Knock, Knock! Future of Work, At Your Doorstep!
Anshuman is a project manager and he leads a fairly large team at work. When work demands are high, he engages freelancers to augment his workforce. It was quite easy to get additional manpower since the gig workforce was emerging and growing rapidly. All seemed to work really well when business was booming. Then came the year 2020 and brought with it the pandemic and the subsequent lockdown. Anshuman was worried about sustainability. Would organizations be willing to engage gig workers? Would they relook their budgets? What about the social security of the gig workforce? These are questions that remained unanswered in Anshuman’s mind and he started seeking answers. He went back in time to trace the emergence of the Gig economy.
About 5 years ago, we were debating whether gig working is a disruption or a distraction. A couple of years ago, we wanted to check if it is working well. Early this year, we have started looking at it as the solution to the workforce challenges in the future. Today, aren’t we looking archaic if we don’t have a way to adopt gig working and adapt ourselves to it? Let’s take a look at how the job markets have started to look now. Back then, organizations had ‘casual workers’ under the category of blue-collared workers. This started changing slowly with the advent of service aggregators. Freelancers found this as a boon to find job orders. The seasonal requirements of certain skills paved the way for strengthening of this model.
Emerging Trends in India’s Gig Economy
According to the National Skill Development Corporation, around 70 million young people are expected to enter the country’s labour force by the year 2023, of which about 59 million are expected to be below 30 years of age. While it is more important to invest in establishments of polytechnics and in imparting new skills, for the millions already in the workforce, the State, as well as private sector organisations, are looking at driving upskilling and reskilling programmes to prepare them for the future of work.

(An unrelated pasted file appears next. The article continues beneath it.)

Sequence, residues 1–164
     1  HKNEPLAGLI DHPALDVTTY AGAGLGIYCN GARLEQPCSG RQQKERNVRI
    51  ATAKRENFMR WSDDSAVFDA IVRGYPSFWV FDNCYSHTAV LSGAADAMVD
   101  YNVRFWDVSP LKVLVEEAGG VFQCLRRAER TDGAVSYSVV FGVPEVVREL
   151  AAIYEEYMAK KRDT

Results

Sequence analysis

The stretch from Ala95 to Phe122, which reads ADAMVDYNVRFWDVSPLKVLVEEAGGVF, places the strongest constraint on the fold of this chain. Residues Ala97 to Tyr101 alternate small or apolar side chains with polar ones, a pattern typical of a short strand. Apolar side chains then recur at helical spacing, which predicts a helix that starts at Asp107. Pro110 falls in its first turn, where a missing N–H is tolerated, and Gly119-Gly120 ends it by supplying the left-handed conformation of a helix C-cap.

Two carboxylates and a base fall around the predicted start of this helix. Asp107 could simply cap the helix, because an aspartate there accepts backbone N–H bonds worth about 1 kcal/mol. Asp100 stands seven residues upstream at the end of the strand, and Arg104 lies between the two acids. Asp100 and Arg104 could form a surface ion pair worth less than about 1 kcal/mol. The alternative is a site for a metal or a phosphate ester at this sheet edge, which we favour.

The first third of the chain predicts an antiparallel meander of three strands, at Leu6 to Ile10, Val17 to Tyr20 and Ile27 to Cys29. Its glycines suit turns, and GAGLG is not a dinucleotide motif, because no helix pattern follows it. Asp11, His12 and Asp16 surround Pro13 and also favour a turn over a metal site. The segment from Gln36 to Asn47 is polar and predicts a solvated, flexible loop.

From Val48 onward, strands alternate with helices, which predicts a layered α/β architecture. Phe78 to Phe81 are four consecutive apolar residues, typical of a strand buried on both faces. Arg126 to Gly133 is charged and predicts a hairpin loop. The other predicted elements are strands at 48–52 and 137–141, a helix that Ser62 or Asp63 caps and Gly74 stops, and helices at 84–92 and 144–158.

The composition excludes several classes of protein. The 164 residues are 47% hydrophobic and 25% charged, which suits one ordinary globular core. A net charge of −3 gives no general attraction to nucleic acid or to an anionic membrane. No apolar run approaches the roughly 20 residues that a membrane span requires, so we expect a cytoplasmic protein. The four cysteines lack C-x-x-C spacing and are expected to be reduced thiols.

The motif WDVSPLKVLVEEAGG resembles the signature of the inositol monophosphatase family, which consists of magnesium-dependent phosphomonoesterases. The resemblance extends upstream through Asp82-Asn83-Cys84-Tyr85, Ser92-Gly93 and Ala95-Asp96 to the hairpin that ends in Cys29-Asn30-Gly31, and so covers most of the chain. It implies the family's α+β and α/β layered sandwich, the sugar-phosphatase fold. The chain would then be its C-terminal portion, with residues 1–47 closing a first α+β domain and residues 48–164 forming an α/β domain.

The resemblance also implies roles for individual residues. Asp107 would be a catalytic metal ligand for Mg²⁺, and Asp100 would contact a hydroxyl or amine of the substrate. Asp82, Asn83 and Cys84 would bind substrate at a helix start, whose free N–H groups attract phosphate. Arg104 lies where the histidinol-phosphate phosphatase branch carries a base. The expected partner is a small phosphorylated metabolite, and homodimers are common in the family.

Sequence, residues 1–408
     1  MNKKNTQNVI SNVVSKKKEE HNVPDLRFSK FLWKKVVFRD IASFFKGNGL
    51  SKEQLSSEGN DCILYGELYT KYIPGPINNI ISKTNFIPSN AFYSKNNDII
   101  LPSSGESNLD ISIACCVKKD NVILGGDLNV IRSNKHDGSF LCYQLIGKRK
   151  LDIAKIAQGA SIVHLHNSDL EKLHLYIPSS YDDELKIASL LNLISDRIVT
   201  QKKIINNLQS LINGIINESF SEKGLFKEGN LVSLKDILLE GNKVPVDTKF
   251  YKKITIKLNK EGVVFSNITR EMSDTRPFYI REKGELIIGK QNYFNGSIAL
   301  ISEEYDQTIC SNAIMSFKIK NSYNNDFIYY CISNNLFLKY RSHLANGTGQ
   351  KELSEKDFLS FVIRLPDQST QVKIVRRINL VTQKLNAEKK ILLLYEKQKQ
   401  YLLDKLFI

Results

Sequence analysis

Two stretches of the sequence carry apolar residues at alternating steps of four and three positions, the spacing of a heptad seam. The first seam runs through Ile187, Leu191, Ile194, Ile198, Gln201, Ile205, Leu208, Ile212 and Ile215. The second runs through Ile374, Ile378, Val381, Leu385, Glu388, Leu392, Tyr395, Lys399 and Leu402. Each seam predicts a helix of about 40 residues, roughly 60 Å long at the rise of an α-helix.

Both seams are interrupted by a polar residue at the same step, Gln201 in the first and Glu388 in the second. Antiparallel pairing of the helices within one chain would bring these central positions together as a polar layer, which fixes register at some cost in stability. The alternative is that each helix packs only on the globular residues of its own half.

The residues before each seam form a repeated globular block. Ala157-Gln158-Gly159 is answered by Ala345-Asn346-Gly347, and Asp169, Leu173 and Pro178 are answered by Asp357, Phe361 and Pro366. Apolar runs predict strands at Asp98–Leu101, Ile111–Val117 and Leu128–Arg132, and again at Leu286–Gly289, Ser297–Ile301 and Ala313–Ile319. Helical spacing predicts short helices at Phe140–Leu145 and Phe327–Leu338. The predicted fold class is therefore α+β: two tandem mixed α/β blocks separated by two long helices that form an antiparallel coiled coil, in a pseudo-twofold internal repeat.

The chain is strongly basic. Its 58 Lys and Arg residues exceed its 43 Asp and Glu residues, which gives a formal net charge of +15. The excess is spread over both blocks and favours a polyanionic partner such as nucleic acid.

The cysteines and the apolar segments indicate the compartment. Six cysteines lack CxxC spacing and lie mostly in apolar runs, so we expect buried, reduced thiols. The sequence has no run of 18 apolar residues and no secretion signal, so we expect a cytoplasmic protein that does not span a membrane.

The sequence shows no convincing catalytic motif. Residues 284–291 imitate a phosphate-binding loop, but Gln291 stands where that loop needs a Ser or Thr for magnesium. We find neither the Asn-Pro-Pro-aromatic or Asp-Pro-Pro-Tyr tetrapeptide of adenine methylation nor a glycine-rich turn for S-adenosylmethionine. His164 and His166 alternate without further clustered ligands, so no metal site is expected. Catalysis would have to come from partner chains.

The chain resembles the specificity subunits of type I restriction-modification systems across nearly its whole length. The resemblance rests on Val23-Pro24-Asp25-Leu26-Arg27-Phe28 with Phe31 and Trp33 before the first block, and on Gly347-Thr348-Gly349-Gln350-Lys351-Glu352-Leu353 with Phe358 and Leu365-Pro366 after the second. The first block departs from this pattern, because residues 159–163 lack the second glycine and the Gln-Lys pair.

“In the Indian context, the gig economy in India is growing. In January 2020, ASSOCHAM had predicted that India’s gig economy would grow at a CAGR of 17 per cent to $455 billion by 2023.”
It is argued that during this time of disruption, job losses and wage-cuts due to the Covid-19 pandemic, gig economy platforms can provide a glimmer of hope.
There are other questions that came up in Anshuman’s mind around workplace behaviors and what his team could do differently. He wondered what are the short term and long-term steps that organizations could take? The pandemic has changed the workforce demographics drastically and HR has come into the spotlight to rise to the challenge. While there are many challenges, managers have had to consider in transitioning their organisations to working from home, here are three of the most pressing ones that Anshuman felt is going to be the demands of the workplace of the future.
Empathy Driven Two-Way Communication is the Key
Organizations would not be restricted to the confines of the office space and hence the formal communication channels would be strengthened to ensure that information is transparently shared to prevent any ambiguity. Interpersonal informal communication would come into prominence. Managers would be seen playing the role of coaches and move away from command and control and towards encouraging and empowering.